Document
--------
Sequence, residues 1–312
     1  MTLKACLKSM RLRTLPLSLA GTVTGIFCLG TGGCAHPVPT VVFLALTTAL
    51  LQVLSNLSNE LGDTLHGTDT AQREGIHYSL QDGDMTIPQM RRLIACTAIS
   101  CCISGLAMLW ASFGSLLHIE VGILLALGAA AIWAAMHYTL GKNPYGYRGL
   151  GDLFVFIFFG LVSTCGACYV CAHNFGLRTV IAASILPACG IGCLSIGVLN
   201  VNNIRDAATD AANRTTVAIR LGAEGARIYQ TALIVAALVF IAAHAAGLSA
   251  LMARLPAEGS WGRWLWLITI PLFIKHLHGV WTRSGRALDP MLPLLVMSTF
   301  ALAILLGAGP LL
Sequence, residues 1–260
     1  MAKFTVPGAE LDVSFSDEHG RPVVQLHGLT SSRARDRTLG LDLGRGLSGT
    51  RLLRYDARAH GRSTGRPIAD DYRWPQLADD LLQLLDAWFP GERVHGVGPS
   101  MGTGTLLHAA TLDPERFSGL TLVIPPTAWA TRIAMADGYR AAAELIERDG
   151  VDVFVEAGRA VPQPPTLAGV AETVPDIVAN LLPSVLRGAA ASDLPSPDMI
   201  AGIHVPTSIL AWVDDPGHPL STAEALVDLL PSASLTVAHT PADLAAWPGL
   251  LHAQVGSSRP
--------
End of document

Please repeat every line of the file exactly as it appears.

Sequence, residues 1–312
     1  MTLKACLKSM RLRTLPLSLA GTVTGIFCLG TGGCAHPVPT VVFLALTTAL
    51  LQVLSNLSNE LGDTLHGTDT AQREGIHYSL QDGDMTIPQM RRLIACTAIS
   101  CCISGLAMLW ASFGSLLHIE VGILLALGAA AIWAAMHYTL GKNPYGYRGL
   151  GDLFVFIFFG LVSTCGACYV CAHNFGLRTV IAASILPACG IGCLSIGVLN
   201  VNNIRDAATD AANRTTVAIR LGAEGARIYQ TALIVAALVF IAAHAAGLSA
   251  LMARLPAEGS WGRWLWLITI PLFIKHLHGV WTRSGRALDP MLPLLVMSTF
   301  ALAILLGAGP LL
Sequence, residues 1–260
     1  MAKFTVPGAE LDVSFSDEHG RPVVQLHGLT SSRARDRTLG LDLGRGLSGT
    51  RLLRYDARAH GRSTGRPIAD DYRWPQLADD LLQLLDAWFP GERVHGVGPS
   101  MGTGTLLHAA TLDPERFSGL TLVIPPTAWA TRIAMADGYR AAAELIERDG
   151  VDVFVEAGRA VPQPPTLAGV AETVPDIVAN LLPSVLRGAA ASDLPSPDMI
   201  AGIHVPTSIL AWVDDPGHPL STAEALVDLL PSASLTVAHT PADLAAWPGL
   251  LHAQVGSSRP